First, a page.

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Prostate: Something to Tinkle About

By Dr. Peter W. Kujtan, B.Sc., M.D., Ph.D.

Article printed on page 12 in the March 29-30, 2008 issue of
The Mississauga News under the feature: Health & Wellness, Medicine Matters.
Portrait of Dr. Peter W. Kujtan, supplied 2005
Dr. Peter W. Kujtan

If there is one cancer that men identify with, it has to be prostate cancer. There exists a quiet, almost gentlemen like but anxious approach to this topic in contrast to cervical or breast cancers. My hockey buds turn knock-kneed and drop the soap at the mere mention of "prostate". For the most part, it is a disease of the older male, and is a leading cause of cancer, illness and mortality in Canada. In 2007, over 22,300 men received a new diagnosis of prostate cancer. More elderly Canadian men with prostate cancer die of other causes than directly as a result of it. For the most part, it is largely silent in the early stages. Some men suffer symptoms associated with benign enlargement of the prostate and seek attention in that regard. This commonly consists of more frequent urination or mild erectile difficulty.

The prostate is a male secretory organ. It is made up of fatty tissue, which tends to absorb and bind toxins over the years. Family doctors screen for prostate cancer by examining it indirectly. This consists of the famous and much maligned "digital rectal examination". The prostate can be felt because the wall of the rectum is rather thin - 3 inches, and allows the finger to feel unusual lumps and growths on the surface of the prostate. This is merely an explanation and is not a plug for self-examination.

The other screening method is to run a blood test called the Prostatic Specific Antigen (PSA). It has been around for almost a quarter of a century and currently is all we have in the OHIP system. PSA is a protein produced by normal and, in most cases, abnormal prostate tissue. All healthy men have a detectable level, and most are eager to know their numbers. Prostate cancers that produce this marker are able to give us some early warning, but up to 15% of the cancers don't produce PSA. Other diagnoses, such as infection, can also raise PSA levels. But U.S. researchers are working on a new urine test that would check for four different RNA biomarkers with an 80% accuracy level.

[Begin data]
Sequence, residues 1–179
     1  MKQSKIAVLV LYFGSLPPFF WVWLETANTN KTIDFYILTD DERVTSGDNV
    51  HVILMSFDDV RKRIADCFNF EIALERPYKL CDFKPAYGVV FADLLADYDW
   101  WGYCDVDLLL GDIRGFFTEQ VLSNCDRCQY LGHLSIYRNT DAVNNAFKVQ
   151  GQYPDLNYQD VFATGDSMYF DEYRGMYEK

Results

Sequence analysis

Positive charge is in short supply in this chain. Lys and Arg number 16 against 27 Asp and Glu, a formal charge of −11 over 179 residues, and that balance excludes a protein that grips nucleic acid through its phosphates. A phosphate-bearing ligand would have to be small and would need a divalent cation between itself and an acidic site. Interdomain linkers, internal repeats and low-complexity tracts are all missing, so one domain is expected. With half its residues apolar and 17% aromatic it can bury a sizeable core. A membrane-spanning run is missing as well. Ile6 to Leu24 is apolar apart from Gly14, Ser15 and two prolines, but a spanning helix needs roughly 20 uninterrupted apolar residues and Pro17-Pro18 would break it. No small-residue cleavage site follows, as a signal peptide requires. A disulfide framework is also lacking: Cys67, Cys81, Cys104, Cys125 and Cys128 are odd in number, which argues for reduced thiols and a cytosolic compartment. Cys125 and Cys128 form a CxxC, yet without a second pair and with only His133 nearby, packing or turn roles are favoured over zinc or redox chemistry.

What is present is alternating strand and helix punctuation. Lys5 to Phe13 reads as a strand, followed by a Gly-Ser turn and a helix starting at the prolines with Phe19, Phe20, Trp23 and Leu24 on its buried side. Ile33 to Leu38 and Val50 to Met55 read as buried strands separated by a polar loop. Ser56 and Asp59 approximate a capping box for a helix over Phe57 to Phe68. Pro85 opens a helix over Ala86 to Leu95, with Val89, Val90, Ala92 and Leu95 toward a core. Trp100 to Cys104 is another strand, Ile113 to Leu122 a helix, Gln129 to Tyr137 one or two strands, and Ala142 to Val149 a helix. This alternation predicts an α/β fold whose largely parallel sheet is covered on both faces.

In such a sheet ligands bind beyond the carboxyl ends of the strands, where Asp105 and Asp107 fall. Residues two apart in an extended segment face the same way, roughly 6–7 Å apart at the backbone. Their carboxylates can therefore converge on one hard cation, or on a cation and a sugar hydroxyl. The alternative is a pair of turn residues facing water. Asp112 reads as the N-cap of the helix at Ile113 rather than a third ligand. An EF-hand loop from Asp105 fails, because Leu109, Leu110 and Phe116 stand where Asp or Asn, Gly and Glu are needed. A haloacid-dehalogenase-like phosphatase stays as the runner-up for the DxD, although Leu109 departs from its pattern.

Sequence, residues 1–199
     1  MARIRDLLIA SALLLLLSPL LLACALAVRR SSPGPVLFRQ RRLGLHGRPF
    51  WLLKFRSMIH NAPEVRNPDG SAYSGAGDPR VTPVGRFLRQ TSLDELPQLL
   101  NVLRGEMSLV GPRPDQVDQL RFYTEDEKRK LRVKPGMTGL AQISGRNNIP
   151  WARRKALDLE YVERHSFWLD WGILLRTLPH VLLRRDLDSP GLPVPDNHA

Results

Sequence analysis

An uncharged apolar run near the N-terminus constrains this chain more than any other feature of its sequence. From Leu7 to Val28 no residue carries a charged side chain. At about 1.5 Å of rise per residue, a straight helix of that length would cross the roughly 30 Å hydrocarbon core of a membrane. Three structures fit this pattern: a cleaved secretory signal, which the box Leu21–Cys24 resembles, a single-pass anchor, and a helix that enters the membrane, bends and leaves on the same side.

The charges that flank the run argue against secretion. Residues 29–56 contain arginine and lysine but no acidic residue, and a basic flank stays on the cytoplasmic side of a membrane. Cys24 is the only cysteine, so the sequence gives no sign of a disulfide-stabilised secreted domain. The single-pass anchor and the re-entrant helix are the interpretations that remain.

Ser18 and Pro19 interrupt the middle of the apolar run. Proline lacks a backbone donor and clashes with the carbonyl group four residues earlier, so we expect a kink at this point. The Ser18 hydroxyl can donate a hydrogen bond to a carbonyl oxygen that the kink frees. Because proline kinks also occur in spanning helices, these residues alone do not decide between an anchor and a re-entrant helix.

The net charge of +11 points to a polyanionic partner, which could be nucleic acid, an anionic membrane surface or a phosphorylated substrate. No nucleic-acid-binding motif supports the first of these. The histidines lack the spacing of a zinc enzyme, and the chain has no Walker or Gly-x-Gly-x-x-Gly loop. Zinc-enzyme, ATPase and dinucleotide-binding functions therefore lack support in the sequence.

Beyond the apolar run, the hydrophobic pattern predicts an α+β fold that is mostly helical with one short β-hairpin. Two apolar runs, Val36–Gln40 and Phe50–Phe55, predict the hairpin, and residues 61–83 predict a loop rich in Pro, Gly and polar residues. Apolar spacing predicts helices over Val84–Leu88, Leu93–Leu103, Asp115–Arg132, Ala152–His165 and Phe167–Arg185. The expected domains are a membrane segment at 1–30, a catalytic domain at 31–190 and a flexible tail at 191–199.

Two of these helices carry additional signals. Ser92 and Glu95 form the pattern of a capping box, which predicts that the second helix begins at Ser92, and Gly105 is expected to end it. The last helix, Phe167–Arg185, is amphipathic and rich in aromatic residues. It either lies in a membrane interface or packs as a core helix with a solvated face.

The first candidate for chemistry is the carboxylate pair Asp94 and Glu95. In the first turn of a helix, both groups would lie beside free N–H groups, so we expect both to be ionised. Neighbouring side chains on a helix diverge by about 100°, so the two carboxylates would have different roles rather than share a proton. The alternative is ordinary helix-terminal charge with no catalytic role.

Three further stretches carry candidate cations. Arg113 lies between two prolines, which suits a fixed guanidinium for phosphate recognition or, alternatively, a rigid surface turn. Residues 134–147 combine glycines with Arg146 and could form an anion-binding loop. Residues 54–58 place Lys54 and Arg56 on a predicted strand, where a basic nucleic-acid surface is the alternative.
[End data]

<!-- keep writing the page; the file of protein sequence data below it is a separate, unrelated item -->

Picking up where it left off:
Once we are suspicious of prostate cancer, a referral is made to a urologist who will often perform an ultrasound guided transrectal biopsy of the prostate to obtain some tissue and confirm the diagnosis. Treatment options are multiple. In some cases, we simply monitor levels. When the disease is confined to the prostate area only, surgery to remove the prostate is an excellent choice. Chemotherapy has been of limited use to prostate cancer patients. Radiation therapy is the more common approach. The usual manner is to use regular radiation treatments or to implant radiation pellets that exert their effects in the area of the tumor. The Americans are playing with various off-shoots of this technology such as high-intensity focused ultrasound. The problem with prostate cancer is that we have a hard time recognizing which ones spread quickly and which sit quietly for years. But new research may be making progress in this regard. It seems that a biomarker present in the blood of prostate patients called "endoglin" may predict cancer spread. It also seems to predict spread in colon and breast cancer patients as well.

There is a lot of new knowledge coming online with respect to prostate cancer. Being aware of it is half the battle. Prostate cancer screening in Canada begins between age 45 to 50, and earlier for those with an early family history or urinary symptoms. So if you haven't had your screening performed yet, it is time to bare the cheeks! It could prolong your life.

Colors of Cancer Google image from http://qwickstep.com/search/the-colors-of-cancer.html
The Colors of Cancer
See Cancer Color Card

Related resources:
Prostate cancer from Wikipedia, the free encyclopedia.
Prostate Cancer from MedicineNet.com. What is the prostate gland? (Illustrated). What causes prostate cancer? What are the symptoms of prostate cancer? What are false-positive elevations in the PSA test? How is prostate cancer diagnosed? What are the treatment options for prostate cancer?
Prostate Cancer from MedlinePlus. "Prostate cancer is the third most common cause of death from cancer in men of all ages. It is rare in men younger than 40. Levels of a substance called prostate specific antigen (PSA) is often high in men with prostate cancer."
Prostate Cancer from MayoClinic.com. Definition, Symptoms, Causes, Risk factors, Tests and diagnosis, Complications, Treatments and drugs, Prevention, Coping and support, Alternative medicine.

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